On August 1, the moon appears to the right (west) of Spica.
Credit: Starry Night software
Most people know that the moon orbits the Earth once a month, but they typically have no visual confirmation of this motion. Over the next week, skywatchers have the chance to see moon's motion with their own eyes.
If you look at the western night skyan hour or so after sunset, you cannot fail to see three bright objects in a row, weather permitting. For observers in the Northern Hemisphere, these objects are (from right to left) the star Spica in the constellation Virgo, the planet Mars and the planet Saturn.
High above them all is the bright star Arcturus in the constellation Boötes and well to their left is the reddish star Antares in Scorpius. Notice that Mars also has a distinct reddish color, as compared to blue-white Spica and yellowish Saturn. [Planets, Meteor Shower Dominate August Night Sky (Video)]
Here's a rundown on how to spot the moon's motion during the first nights of August:
Tonight (Aug. 1): The five-day-old crescent moon appears just to the right of Spica.
Saturday (Aug. 2): The moon has moved 12 degrees to the left (eastward), and lies between Spica and Mars. Note: Your closed fist held out at arm's length covers a 10-degree patch of the night sky.
Sunday (Aug. 3): By this night, the moon appears between Mars and Saturn
Monday (Aug. 4): The moon is well to the left of Saturn
Tuesday (Aug. 5): The moon is directly above (to the north of) the star Antares.
Besides the motion of the moon, there are several other things to notice during these early August nights.
First, the phase of the moon is growing from each night to the next. On Aug. 1, the moon is five days old and 30-percent illuminated. But by Aug. 5, moon is nine days old and 70-percent illuminated. So in only four nights, the moon has become more than twice as bright, lighting up the landscape.
A subtler change is that the background stars and planets have all moved slightly downwards and to the right. That's because of the Earth's own movement around the sun.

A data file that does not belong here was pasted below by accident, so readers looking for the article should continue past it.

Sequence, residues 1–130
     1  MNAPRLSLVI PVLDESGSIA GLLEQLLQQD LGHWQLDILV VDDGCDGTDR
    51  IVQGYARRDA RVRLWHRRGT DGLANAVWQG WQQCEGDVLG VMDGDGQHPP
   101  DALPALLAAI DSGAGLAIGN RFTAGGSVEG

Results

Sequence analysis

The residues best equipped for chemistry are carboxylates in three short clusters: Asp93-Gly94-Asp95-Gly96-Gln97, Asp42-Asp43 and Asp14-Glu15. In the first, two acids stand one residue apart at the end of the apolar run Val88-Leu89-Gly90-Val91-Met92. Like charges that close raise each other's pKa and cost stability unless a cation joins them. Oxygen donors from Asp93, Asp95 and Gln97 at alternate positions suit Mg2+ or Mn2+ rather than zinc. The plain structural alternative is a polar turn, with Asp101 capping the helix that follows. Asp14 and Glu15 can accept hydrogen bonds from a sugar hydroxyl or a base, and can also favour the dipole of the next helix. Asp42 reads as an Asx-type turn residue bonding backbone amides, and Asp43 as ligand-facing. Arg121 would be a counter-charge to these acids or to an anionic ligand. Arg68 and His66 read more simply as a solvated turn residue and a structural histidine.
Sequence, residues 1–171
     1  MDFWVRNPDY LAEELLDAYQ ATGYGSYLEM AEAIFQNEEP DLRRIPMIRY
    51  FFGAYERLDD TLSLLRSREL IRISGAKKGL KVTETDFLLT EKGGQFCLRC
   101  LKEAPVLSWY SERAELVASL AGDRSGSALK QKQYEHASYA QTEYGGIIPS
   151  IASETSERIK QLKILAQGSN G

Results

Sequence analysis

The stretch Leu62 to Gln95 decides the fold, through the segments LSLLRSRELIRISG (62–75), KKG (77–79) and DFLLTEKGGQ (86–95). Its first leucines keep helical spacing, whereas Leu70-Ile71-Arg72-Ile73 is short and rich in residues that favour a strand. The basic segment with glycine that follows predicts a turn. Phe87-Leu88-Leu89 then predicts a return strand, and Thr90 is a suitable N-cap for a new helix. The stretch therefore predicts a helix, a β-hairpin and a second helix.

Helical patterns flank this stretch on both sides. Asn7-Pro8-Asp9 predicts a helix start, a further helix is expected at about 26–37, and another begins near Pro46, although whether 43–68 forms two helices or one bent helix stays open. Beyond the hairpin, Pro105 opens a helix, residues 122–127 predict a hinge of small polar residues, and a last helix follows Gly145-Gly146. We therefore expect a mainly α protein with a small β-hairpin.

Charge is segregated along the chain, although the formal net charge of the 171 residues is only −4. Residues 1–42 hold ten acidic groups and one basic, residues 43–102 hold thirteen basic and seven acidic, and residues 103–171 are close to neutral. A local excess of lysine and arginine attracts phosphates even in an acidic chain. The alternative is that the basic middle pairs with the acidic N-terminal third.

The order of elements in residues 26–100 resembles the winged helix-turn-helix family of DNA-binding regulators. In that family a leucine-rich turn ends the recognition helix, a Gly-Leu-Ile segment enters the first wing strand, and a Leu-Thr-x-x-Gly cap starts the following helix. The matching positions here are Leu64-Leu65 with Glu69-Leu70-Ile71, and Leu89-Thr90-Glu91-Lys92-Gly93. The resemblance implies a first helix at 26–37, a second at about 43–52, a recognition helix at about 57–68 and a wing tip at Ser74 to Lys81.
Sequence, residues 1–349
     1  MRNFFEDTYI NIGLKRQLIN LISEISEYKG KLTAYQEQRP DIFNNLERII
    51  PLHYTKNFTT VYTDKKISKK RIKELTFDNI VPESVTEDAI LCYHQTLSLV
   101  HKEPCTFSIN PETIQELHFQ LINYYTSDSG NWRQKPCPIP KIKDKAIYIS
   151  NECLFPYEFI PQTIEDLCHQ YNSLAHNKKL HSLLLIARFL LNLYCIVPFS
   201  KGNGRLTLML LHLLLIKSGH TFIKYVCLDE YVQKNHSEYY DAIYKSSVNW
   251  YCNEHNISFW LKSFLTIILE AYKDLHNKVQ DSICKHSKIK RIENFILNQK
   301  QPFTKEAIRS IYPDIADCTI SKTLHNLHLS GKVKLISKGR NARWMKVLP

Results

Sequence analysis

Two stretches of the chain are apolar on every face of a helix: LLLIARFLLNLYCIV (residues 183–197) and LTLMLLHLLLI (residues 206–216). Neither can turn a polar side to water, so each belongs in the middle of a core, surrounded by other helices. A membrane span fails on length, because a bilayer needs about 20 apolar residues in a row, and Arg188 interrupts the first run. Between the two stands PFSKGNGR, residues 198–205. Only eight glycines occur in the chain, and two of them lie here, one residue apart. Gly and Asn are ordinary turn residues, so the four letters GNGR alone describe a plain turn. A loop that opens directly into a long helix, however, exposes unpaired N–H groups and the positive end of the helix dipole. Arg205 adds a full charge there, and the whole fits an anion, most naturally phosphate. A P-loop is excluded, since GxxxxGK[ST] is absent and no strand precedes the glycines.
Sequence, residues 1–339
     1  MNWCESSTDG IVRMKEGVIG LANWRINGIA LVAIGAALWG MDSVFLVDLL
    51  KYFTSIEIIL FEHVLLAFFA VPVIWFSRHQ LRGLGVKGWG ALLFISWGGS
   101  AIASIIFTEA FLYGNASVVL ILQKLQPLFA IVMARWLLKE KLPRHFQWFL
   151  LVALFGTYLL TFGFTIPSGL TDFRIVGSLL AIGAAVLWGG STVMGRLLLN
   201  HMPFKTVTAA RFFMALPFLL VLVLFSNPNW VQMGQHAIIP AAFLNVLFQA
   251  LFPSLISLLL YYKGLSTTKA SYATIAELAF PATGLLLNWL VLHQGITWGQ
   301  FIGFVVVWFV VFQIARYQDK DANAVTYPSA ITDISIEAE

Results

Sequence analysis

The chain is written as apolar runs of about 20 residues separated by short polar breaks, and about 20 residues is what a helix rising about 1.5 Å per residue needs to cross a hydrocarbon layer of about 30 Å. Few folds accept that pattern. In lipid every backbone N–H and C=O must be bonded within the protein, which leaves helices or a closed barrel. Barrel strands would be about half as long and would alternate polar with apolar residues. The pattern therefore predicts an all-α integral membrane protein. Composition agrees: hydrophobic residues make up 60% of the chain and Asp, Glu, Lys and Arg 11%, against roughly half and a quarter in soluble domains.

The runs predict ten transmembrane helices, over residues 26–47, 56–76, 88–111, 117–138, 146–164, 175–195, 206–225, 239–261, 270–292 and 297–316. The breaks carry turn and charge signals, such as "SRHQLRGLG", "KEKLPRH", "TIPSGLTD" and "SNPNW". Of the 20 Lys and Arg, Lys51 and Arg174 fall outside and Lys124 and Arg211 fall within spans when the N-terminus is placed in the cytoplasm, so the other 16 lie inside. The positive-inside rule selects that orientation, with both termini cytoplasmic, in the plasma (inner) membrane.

Finally, if you look really closely, you'll see that the position of Mars has shifted slightly over four days. It is getting closer to Saturn and farther from Spica.
Saturn is far from Earth, and doesn’t appear to move much, but Mars, much closer to Earth, moves quite rapidly from right to left, while the stars and Saturn are moving from left to right. Mars will actually appear to pass Saturn by the end of the month.
All of these movements are described here as seen by observers in the Northern Hemisphere. Southern observers will see similar movements, but in a different direction. For example, the moon will be moving upward in the twilight sky.
These movements of the moon, planets, and stars provide an excellent opportunity for photography, and we always welcome your contributions.
Editor's note: If you capture an amazing photo of the night sky in August and want to share it for a possible photo story or gallery, send images and comments in to managing editor Tariq Malik at: firstname.lastname@example.org.
This article was provided to Space.com by Simulation Curriculum, the leader in space science curriculum solutions and the makers of Starry Night and SkySafari. Follow Starry Night on Twitter @StarryNightEdu. Follow us @Spacedotcom, Facebook and Google+. Original article on Space.com.